“Beasts of the Southern Wild”

“I’m recordin’ my story for the scientists of the future. In a million years, when kids go to school, they gunna know; once there was a Hushpuppy and she lived with her Daddy in the Bathtub.” – Hushpuppy

Although they are labeled reviews, these writings on films I’ve seen will likely be anything but.  I’d like to use them as discussion points to pull out observations and thoughts, and they will likely stray from the basics of the film I’ve watched.   Over the weekend (September 8, 2012)  I went to the film “Beasts of the Southern Wild” at the Regina Public Library Theatre.  It’s a potent film and I left it not really sure how to pull together my thoughts about it. I originally planned to use the above quote in an essay I wrote entitled Diorama: Mediating Museum and Cinema.  The idea in the essay was to compare the structure of the museum diorama to the exhibition of cinema in a gallery or museum.  In many ways, the diorama creates an immersive story in the same way as cinema.  Objects are displayed in their niches, and surrounded with spectacle to help build context around them.  Like a fictional film, the objects can’t speak for themselves and tell the whole truth about their existence, so we need to build a story to help audiences engage and understand better.  We need to create a fantasy to help us understand the truth of the object or artwork.

Still from Beasts of the Southern Wild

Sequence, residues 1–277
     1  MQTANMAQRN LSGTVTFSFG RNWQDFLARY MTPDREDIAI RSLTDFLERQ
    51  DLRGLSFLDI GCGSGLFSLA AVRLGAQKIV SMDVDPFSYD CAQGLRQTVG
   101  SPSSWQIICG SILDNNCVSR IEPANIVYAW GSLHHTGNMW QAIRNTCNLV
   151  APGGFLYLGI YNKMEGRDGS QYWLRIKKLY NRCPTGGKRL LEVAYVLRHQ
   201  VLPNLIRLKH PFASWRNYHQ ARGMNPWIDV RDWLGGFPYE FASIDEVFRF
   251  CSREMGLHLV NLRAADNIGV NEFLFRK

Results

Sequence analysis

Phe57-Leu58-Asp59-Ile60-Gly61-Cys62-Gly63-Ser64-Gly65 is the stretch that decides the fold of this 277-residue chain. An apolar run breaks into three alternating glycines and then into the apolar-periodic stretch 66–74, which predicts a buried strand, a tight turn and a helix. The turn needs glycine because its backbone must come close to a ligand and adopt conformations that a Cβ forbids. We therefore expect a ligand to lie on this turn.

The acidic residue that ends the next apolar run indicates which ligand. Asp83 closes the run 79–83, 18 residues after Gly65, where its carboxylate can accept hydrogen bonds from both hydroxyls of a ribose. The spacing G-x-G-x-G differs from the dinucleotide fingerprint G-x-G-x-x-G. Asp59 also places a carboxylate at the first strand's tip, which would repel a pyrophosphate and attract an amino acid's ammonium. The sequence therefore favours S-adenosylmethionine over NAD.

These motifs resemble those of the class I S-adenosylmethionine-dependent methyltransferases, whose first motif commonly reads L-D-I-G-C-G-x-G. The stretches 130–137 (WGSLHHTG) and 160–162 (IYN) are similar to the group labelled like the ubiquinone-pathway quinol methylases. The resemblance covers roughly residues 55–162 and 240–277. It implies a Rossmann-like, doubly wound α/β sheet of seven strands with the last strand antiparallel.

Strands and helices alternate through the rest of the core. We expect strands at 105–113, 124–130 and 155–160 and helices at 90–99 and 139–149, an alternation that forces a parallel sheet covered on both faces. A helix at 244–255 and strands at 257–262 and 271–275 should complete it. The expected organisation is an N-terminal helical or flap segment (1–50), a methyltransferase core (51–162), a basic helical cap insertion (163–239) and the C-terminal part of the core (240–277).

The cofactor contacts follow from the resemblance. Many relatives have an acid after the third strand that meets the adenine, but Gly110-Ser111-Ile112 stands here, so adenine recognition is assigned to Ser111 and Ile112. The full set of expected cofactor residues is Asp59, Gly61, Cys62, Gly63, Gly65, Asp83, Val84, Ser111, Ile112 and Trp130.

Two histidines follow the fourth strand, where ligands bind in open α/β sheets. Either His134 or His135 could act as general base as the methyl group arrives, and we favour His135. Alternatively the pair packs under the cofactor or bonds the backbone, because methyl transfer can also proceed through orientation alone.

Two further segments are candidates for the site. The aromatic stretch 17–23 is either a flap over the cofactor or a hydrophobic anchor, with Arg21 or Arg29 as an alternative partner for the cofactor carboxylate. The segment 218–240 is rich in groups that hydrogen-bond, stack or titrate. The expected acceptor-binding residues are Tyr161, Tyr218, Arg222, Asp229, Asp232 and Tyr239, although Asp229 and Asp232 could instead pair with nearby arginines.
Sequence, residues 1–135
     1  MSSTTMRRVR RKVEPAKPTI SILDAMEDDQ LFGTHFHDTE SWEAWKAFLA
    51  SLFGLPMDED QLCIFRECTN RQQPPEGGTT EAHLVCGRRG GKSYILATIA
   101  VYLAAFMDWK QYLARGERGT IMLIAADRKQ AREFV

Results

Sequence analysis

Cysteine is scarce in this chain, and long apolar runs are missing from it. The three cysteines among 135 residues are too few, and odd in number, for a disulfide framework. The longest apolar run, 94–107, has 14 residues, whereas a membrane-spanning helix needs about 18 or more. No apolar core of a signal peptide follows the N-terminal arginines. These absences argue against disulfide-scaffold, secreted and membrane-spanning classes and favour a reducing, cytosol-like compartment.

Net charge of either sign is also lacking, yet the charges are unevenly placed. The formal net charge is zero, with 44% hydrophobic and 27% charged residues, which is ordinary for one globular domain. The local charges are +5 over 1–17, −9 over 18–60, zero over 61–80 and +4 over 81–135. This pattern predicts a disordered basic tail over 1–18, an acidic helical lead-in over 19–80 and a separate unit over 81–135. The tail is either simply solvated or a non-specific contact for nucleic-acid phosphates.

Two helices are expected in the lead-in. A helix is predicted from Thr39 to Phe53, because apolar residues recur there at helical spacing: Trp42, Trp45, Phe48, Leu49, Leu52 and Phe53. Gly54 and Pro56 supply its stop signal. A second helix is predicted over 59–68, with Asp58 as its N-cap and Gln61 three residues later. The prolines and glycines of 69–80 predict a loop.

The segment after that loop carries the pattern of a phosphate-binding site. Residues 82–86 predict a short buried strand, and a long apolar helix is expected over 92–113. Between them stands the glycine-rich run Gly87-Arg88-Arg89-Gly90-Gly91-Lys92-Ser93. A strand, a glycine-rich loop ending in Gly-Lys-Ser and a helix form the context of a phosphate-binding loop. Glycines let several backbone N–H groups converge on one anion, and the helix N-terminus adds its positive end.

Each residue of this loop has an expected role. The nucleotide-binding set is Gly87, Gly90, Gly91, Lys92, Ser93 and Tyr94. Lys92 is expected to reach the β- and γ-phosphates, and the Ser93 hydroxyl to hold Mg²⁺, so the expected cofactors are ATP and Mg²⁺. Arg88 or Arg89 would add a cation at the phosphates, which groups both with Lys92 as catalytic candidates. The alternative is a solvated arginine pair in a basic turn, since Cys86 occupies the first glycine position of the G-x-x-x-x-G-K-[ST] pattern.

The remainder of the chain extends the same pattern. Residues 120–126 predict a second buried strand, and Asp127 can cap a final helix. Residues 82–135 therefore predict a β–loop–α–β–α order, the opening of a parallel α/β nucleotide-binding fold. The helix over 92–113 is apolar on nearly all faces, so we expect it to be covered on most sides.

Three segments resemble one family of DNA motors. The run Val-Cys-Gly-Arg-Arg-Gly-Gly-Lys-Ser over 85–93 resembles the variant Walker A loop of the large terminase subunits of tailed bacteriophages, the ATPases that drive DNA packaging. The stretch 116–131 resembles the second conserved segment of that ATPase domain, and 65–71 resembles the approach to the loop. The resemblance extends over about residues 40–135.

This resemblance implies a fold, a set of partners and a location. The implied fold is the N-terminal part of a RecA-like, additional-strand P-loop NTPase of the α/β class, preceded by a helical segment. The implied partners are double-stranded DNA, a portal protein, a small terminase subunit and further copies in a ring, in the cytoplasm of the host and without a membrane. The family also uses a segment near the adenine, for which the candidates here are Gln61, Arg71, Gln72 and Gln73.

Hushpuppy’s journey is Homer’s Odyssey.  It’s fantastical and heroic, and uses metaphors to teach us about worldly experiences.  Since Hushpuppy’s life is so disconnected from our reality, we can’t really learn practical lessons from her literal narrative.  However, she lives a romantic fantasy that many people have about creating their own world, outside of societal regulation, and she displays a strength against adversity that most of us can only dream about.  It’s not that we want to face these problems, but knowing that you could do it is powerful, and watching this small child stand up against the world is conflicting.  On one hand, we’re proud of her success, and on the other, horrified that she would have to deal with things that most adults don’t have to.  Through Hushpuppy, we experience a playful and lighthearted version of deep trauma – perhaps made easier to deal with through fantasy. I kept expecting the film to feel colonial in some ways.  A filmmaker coming into a community to tell their story without living their lives is a difficult thing to get past, and it’s incredibly easy to have the narrative cross the line into being sentimental or preachy.  However, there were never any points where I felt like an outsider was telling this story.  Possibly it lies in that the film never felt like a realistic depiction of a situation.  The fantastical elements helped to pull the audience into a world that was similar, but totally different than our own.  Also, not showing any of the urban settings likely helped to keep us from comparing our situation to the that of the Bathtub.  I believe the filmmaker also cast non-actor residents of the area, and worked with them to build the sets, so perhaps that helped it to develop organically. It’s interesting as well, that instead of depicting their poverty as a struggle, this film showed the residents of the Bathtub as perfectly happy in their situation.  They weren’t worried that they didn’t have fridges or televisions, they just wanted to continue their lives.  The film represented a choice to live as part of nature and in harmony with the surroundings, more than something that was forced on them by lack.  I guess this also works well as part of the fantasy, since more and more we’re seeing urban citizens seeking a return to nature and the natural.  This desire to return to nature is  as much a fantasy as Hushpuppy’s aurochs. The reality would not be lush and filled with playful stories and sparkling fireworks.  It would be hard and likely uncomfortable.  It’s always much more romantic when you’re not actually drenched to the skin, eaten alive by mosquitoes and suffering excruciating blood-poisoning, and when you can turn to the temperature controlled interior of a move theatre to supplement your fantasies. As much as it sounds negative, I do think that the role of fantasy is incredibly important and well executed in this film.  We all need to build up stories to help us cope with reality, whether it’s imaginary friends, religion or spirituality, philosophy, planning future goals, nostalgia or creating art. Just because your way of dreaming is different than mine, doesn’t lessen the value of either of our methods.  Dreaming helps take the edge off the harshness of life, and separates us from the violence and harshness of the natural world.  Nature doesn’t dream, it just is.  Our dreams help to give it a structure and purpose and comfort us on the dark nights of trauma when it is much more difficult to see the purpose in the every-day.

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